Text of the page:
Risk factors and risk assessment of periodontal disease.

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Risk factors and risk assessment of periodontal disease.

  1. 1. Presented by Dr. Guru Ram Tej. K Post Graduate Mamata Dental College
  2. 2. CONTENTS..  INTRODUCTION  TERMINOLOGIES  CLASSIFICATION OF RISK FACTORS  RISK ELEMENTS FOR PERIODONTAL DISEASE  RISK ASSESSMENT
  3. 3. TOOLS TO MEASURE RISK Periodontal Screening And Recording (P S R) Interactive Patient Questionnaire Patient Assessment Tool Of OHIS Patient Risk Calculator (Previeser) Uni Fe Hexagonal Risk Diagram For Periodontal Risk Assessment Periodontal Risk Assessment By Vishwa Chandra H I D E P Model Continuous Multilevel Risk Assessment By Lang And Bragger Cronin/ Stassen Beds Chasm Scale Continuous Multilevel Risk Assessment In 2011 Periodontal Risk Using Two Artificial Neural Networks CONCLUSION REFERENCES
  4. 4. INTRODUCTION  Risk  According to American Academy Of Periodontology utilizing risk assessment helps dental professionals predict the potential for developing periodontal diseases and allows them to focus on early identification and to provide proactive, targeted treatment for patients who are at risk for progressive/ aggressive diseases
  5. 5. TERMINOLOGIES  RISK  Risk factors  Risk determinants  Risk indicators  Risk predictors
  6. 6. CLASSIFICATION  Based on the evidence  Primary risk factor  Secondary risk factor  Tertiary risk factor
  7. 7. Pathogenesis of periodontitis Cytokines and prostaglandins Neutrophils Antibodies Complement Bacterial load Antigen LPS Other virulence factors Host response MMP Turn over Serine proteases Oxygen radicals Tissue degradation Clinical changes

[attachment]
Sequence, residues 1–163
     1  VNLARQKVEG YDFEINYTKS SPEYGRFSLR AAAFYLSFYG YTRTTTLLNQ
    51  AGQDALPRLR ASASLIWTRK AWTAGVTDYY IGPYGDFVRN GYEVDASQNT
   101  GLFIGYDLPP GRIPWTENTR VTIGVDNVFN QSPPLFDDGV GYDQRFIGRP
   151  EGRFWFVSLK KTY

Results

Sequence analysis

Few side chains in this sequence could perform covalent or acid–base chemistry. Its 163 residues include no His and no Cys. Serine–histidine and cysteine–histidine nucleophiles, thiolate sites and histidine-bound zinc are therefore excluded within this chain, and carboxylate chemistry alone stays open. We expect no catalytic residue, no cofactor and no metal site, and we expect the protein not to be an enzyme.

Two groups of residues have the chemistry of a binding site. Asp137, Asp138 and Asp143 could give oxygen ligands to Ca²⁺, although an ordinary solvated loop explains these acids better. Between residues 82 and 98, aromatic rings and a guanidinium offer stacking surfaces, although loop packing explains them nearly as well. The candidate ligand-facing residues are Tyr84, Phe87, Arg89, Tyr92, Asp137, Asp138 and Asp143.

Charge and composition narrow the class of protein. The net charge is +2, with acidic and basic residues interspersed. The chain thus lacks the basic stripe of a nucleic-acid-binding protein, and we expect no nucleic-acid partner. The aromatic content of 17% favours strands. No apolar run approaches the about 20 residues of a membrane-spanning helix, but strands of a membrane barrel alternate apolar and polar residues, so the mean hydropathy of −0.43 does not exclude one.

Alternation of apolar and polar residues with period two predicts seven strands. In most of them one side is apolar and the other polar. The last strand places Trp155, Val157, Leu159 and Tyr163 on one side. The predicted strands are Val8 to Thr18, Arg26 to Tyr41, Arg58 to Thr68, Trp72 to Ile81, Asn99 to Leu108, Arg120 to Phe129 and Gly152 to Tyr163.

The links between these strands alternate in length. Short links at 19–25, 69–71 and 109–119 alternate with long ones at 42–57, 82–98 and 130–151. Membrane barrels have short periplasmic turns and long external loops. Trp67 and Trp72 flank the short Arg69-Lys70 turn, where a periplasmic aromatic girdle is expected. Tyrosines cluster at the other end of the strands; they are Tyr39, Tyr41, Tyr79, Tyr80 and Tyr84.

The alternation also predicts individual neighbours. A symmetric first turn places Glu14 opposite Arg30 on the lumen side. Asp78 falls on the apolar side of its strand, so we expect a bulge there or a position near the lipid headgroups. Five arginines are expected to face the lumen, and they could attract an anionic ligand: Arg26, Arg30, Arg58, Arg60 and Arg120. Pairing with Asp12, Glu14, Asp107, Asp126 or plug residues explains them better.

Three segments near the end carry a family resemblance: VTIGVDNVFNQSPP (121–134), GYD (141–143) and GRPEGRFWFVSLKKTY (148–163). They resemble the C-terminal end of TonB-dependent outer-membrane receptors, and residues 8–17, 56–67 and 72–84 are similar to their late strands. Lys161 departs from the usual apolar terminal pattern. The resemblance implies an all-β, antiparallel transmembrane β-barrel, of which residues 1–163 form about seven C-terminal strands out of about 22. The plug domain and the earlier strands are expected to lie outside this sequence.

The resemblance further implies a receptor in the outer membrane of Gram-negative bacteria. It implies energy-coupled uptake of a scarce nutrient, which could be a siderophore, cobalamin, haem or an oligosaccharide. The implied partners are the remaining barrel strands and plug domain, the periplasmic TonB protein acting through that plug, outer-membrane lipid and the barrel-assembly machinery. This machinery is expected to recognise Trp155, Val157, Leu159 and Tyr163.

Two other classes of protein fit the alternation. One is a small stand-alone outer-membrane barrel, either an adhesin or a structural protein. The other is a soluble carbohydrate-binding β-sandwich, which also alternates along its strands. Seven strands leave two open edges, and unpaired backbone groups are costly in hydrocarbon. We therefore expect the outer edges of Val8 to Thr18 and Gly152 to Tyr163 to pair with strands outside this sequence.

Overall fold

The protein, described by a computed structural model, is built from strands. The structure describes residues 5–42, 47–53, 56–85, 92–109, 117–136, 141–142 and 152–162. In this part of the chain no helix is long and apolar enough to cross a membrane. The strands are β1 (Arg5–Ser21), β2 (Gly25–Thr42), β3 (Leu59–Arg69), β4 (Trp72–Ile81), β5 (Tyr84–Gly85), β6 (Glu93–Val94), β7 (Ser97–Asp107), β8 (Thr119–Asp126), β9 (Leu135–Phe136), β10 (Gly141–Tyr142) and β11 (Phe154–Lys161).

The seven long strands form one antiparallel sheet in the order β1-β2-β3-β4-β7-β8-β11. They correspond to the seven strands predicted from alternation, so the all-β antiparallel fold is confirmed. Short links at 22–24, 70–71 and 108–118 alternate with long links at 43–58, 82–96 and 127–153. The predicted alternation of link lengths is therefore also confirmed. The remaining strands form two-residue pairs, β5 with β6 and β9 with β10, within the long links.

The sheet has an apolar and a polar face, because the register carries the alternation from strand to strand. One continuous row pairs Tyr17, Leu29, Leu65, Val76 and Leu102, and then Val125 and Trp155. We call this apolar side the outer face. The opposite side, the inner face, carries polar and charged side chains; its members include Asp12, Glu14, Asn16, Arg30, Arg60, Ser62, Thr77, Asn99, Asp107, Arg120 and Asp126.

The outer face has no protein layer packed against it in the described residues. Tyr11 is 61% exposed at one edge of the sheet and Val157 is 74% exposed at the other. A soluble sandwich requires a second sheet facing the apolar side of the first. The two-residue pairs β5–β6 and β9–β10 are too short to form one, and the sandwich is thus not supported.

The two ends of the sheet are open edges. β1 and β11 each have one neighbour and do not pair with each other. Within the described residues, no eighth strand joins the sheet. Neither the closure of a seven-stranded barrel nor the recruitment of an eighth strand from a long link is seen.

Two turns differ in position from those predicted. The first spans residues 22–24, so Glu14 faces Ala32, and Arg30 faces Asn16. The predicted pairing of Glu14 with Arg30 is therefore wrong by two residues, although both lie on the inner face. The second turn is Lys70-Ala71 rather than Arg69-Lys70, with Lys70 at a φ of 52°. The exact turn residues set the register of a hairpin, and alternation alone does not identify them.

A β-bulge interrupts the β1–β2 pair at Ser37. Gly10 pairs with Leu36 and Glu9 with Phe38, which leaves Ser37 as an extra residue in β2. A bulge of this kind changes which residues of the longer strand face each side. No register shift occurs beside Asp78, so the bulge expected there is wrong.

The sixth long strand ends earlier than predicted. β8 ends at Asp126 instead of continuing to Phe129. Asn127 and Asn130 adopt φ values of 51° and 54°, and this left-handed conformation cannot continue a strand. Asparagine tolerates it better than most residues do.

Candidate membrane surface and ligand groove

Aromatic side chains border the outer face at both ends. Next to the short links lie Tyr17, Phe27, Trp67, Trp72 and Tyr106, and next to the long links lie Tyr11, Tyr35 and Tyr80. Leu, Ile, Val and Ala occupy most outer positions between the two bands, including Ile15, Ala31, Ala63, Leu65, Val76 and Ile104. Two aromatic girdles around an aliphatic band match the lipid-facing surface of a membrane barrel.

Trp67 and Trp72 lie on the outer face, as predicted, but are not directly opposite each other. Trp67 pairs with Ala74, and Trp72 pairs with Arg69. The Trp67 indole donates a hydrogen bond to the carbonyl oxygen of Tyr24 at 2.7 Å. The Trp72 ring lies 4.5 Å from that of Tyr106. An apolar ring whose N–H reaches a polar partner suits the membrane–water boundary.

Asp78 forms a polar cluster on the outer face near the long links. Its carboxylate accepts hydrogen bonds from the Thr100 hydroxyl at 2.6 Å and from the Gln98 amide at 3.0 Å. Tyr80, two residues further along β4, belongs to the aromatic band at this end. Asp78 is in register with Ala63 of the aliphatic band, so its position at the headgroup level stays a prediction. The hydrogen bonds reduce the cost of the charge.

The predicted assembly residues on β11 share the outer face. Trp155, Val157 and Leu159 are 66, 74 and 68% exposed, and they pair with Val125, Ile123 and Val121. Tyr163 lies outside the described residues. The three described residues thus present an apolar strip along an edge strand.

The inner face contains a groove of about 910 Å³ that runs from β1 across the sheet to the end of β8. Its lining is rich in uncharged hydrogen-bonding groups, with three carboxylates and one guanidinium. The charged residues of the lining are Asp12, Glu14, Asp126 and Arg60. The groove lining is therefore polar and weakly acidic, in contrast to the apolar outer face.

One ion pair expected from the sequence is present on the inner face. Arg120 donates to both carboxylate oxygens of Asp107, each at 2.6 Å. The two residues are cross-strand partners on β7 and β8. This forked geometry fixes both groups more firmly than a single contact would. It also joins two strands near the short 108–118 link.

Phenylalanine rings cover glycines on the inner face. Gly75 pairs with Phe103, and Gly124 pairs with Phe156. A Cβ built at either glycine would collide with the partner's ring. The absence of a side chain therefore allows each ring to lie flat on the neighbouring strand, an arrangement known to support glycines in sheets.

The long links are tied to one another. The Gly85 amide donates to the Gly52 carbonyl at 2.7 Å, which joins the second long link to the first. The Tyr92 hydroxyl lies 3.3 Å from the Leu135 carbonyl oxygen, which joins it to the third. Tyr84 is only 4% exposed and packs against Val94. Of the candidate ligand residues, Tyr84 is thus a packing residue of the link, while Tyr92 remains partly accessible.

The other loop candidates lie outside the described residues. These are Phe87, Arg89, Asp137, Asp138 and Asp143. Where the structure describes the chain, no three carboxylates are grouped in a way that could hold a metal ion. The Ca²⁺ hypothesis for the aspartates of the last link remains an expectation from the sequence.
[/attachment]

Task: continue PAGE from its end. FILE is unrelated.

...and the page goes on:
8. 8. RISK FACTORS  GENETIC  ENVIRONMENTAL  BEHAVIOURAL  LIFE STYLE  METABOLIC  HEMATOLOGICAL  GENDER  AGE
  9. 9. RISK FACTORS  HIV  PREVIOUS HISTORY  SOCIOECONOMIC STATUS  BLEEDING ON PROBING  OSTEO POROSIS  NUTRITION  BACTERIA
  10. 10. GENETIC  Polymorphisms
  11. 11.  During periodontal inflammation cytokines activate the catabolic enzymes such as matrix metalloproteinases leading to breakdown of connective tissue, any gene polymorphism of such proteins alters the susceptibility of host.  Michalowicz et al in 2000, demonstrated the hereditary aggregation in a twin study for chronic periodontitis
  12. 12. Pathogenesis of periodontitis Cytokines and prostaglandins Neutrophils Antibodies Complement Bacterial load Antigen LPS Other virulens factors Host response MMP Turn over Tissue degradation Clinical changes Serine proteases Oxygen radicals Interleukin +
  13. 13. BEHAVIOURAL RISK FACTORS  Stress “I tell you, if you don’t get my home soon and help me with these children, I will get gum disease”
  14. 14. STRESS  Stress manifests in periodontium through behavioural changes, like increased smoking and poorer oral hygiene Genco et al in 1998
  15. 15. LIFE STYLE RISK FACTORS  Smoking “What do you mean, smoking is bad for my gums”
  16. 16. Pathogenesis of periodontitis Cytokines and prostaglandins Neutrophils Antibodies Complement Bacterial load Antigen LPS Other virulens factors Smoking Host response MMP Turn over Tissue degradation Clinical changes Serine proteases Oxygen radicals Smoking +
  17. 17. SMOKING With increased use of tobacco, patients show higher periodontal probing depths, increased clinical attachment loss, more alveolar bone resorption, a higher prevalence of gingival recessions, and a higher risk for tooth loss Tonetti in 1998
  18. 18. SMOKING…  Tobacco use shifts the physiological balance between anabolic and catabolic mechanisms in a more destructive direction, due to an alteration of protective immune and tissue mechanisms Palmer 2005 johnson and guthmiller in 2007 Ryder in 2007
  19. 19. SMOKING…  There is a robust evidence from a systematic review, on basis of 70 cross sectional studies , 14 case-control, and 21 cohort studies , it is concluded that smoking negatively interferes with a healthy periodontal condition Bergstrom in 2006  Periodontitis in smokers respond less to treatment, former smokers get a slower disease progression Bolin et al. 1993
  20. 20. METABOLIC RISK FACTORS The reduced function of PMNs increases the risk of periodontal disease in diabetes  Formation of AGEs leads to impaired collagen production and metabolism Schmidt et al in 1996   Infections observed in periodontitis can lead to insulin resistance and poor diabetic control Atkinson and Mclaren in 1990
  21. 21. METABOLIC RISK FACTORS